DBSA backs tourism in SADC

A tranquil tourist destination, the yacht
marina on East London’s seafront. The
DBSA has just announced a new investment
strategy that will boost tourism in the
Southern African region. (Image: Rodger
Bosch, MediaClubSouthAfrica.com. For
more free photos, visit the image library.)

Wilma den Hartigh

The Development Bank of Southern Africa (DBSA) has reaffirmed its commitment to the tourism industry in a new tourism investment strategy for South Africa and the Southern African Development Ccommunity (SADC).

DBSA tourism specialist, Kate Rivett-Carnac, explained that the main aim of the strategy is to develop tourism destinations. This is very important for the entire African content, particularly with the depressed global economy. “Tourism will continue to be important because we need to build our domestic and regional markets,” Rivett-Carnac said.

She added that up until now, tourism in South Africa and SADC has performed well, but there is still much more untapped potential. The current economic climate has discouraged some commercial finance institutions from investing in new projects, but she says the DBSA’s investment strategy can build tourism destinations and improve what the region has to offer.

South Africa is in a unique position because it can offer tourists such diversity. “What counts in our favour is that we don’t just offer a beach product, but we also have safaris and events tourism,” she explained.

Investment themes

The DBSA strategy will focus on projects that fall within five investment themes: anchor projects; cluster development; community partnerships; infrastructure and new market development.

Anchor projects will include major attractions, commercialisation of parks and new hotels or conservation centres. She said there is a big demand for such development in the SADC region. Countries such as Rwanda, for example, hardly have any international hotels.

Cluster development will consider projects such as town regeneration, collaboration between small businesses and tourist route development. “The main aim is to uplift spaces that are marginalised,” she said, adding that routes also have to offer complimentary services and facilities. The Orlando Towers Adventure Facility in Soweto is one such successful project.

Infrastructure development will include projects such as airport, transport and road upgrades. South Africa is already progressing well in this area, with extensive infrastructure upgrades currently underway for the 2010 Fifa World Cup.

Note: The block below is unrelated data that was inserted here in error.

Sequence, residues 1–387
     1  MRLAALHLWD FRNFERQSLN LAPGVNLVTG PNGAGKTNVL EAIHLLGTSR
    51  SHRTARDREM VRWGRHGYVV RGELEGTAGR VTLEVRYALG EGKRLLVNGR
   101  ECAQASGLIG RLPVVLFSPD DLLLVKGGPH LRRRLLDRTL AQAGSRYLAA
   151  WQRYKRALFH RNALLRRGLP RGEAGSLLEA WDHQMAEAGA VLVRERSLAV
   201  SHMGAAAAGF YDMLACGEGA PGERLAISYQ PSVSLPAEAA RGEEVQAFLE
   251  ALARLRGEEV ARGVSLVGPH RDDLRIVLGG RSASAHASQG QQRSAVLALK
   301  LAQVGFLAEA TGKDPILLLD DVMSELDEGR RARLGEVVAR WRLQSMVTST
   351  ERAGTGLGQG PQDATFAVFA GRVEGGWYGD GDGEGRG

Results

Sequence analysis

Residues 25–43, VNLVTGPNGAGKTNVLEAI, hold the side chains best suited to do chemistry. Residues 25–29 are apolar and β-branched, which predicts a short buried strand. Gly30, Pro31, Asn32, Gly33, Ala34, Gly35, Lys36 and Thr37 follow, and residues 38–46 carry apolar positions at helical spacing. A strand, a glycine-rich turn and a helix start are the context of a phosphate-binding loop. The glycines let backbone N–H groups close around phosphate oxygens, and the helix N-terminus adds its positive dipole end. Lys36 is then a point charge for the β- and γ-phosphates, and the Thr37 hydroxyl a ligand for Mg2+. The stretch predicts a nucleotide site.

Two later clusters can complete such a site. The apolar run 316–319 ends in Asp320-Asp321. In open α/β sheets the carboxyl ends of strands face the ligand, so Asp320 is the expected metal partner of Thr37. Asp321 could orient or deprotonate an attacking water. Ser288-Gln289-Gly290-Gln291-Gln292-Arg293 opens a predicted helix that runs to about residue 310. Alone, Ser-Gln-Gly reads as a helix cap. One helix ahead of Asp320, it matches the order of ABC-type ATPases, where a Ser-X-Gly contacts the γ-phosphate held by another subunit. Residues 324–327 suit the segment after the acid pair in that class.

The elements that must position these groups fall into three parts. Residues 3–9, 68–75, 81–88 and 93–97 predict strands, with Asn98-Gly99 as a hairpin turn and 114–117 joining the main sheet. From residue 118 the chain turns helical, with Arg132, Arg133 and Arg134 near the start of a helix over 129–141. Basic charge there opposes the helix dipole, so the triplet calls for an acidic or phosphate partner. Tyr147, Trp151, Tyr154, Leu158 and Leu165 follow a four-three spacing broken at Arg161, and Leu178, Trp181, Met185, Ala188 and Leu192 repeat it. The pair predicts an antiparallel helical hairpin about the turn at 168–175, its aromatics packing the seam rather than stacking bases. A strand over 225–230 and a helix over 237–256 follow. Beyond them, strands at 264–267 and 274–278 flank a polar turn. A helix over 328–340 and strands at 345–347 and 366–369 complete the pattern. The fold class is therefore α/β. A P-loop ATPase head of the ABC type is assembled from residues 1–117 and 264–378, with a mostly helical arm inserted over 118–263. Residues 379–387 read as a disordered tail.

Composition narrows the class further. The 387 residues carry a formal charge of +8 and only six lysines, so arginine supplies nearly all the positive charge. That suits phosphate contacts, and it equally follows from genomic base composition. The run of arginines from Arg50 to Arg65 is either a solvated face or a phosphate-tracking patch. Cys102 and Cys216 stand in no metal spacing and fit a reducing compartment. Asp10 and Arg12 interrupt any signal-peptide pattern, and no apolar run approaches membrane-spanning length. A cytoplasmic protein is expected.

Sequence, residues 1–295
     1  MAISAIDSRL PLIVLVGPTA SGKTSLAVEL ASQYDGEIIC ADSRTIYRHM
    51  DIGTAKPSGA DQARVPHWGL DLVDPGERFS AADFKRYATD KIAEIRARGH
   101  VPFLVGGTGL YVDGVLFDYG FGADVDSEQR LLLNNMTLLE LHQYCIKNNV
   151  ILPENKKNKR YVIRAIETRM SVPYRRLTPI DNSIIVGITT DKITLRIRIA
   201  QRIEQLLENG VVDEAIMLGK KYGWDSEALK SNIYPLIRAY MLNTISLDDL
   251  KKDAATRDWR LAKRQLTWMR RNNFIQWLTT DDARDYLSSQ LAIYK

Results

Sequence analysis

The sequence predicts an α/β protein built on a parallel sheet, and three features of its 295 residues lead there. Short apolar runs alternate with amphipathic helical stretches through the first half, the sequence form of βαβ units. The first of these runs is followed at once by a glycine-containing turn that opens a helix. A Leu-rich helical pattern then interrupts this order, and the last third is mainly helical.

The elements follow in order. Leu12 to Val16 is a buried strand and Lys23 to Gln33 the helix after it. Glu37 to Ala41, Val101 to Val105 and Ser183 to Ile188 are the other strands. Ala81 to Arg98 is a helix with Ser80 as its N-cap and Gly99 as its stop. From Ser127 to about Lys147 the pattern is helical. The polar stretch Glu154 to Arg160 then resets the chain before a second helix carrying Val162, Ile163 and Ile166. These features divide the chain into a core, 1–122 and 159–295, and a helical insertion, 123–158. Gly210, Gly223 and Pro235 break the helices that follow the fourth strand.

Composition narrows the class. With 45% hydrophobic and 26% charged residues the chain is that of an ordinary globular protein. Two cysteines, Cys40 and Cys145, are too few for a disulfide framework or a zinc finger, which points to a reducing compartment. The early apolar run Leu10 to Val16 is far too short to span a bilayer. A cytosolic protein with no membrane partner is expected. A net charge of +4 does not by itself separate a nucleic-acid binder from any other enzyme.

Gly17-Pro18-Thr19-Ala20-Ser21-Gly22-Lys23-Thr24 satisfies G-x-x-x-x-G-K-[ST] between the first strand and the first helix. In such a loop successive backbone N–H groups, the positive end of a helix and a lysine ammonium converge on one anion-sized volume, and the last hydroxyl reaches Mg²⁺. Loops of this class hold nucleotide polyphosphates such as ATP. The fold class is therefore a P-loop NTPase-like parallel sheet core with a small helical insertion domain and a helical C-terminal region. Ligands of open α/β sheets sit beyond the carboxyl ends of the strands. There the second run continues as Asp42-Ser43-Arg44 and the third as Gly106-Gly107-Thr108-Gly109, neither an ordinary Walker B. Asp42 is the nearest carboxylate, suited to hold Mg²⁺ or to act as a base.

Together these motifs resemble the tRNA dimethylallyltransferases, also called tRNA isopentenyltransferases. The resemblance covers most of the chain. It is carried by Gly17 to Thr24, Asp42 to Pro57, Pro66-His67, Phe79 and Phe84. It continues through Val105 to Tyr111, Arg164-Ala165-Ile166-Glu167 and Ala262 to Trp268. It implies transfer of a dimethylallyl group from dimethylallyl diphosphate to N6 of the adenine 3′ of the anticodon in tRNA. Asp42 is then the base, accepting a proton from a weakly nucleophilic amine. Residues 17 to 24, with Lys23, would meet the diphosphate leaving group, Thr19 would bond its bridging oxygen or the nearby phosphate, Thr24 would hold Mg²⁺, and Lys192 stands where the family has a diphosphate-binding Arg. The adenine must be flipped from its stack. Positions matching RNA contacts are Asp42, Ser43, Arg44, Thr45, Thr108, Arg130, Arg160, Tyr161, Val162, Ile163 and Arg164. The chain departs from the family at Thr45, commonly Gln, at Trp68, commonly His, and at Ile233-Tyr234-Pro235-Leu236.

Agritourism, disabled tourism and volunteer travel are some of the areas for consideration in new market development. Rivett-Carnac pointed out that one of the keys to a successful agritourism sector, is to create an “experience” for tourists. For example, tractor rides or interaction with farming activities. A study is currently underway to determine a way forward for this sector.

Job creation

Fanie Joubert, an economist with Efficient Group, a financial and investment management firm, commented that any initiatives to boost tourism in South Africa are positive. “In a country like South Africa it just makes sense to emphasise tourism. Any new development creates employment in the country,” Joubert said.

He added that tourism is one of the sectors that can create more employment for unskilled South Africans. “The aim should be to help people get the experience they need to move up into more skilled work. This is perfect entrepreneurship,” he explained.

Rivett-Carnac added that all projects must be well conceptualised and support a broader destination agenda. The DBSA will consider medium to large tourism projects (greater than US$3-million (R20-million) in South Africa, and exceeding $10-million (R84-million) in SADC countries).

However, smaller projects such as community guesthouses will not be excluded. All projects should also comply with Black Economic Empowerment requirements, undertake to provide employment, protect the environment and promote economic and social development.

Tourism sector is resilient

With the economic slowdown, tourist arrivals have declined and visitors are scheduling shorter trips and spending less. However, Rivett-Carnac is confident that the tourism sector will experience a strong recovery.

According to Rivett-Carnac, there is also no better time to build South Africa and the region’s competitiveness and refocus the sector. “The 2010 World Cup will raise awareness about South Africa. We want to create a positive impression of the country and this is what is really important for long term growth,” she said.

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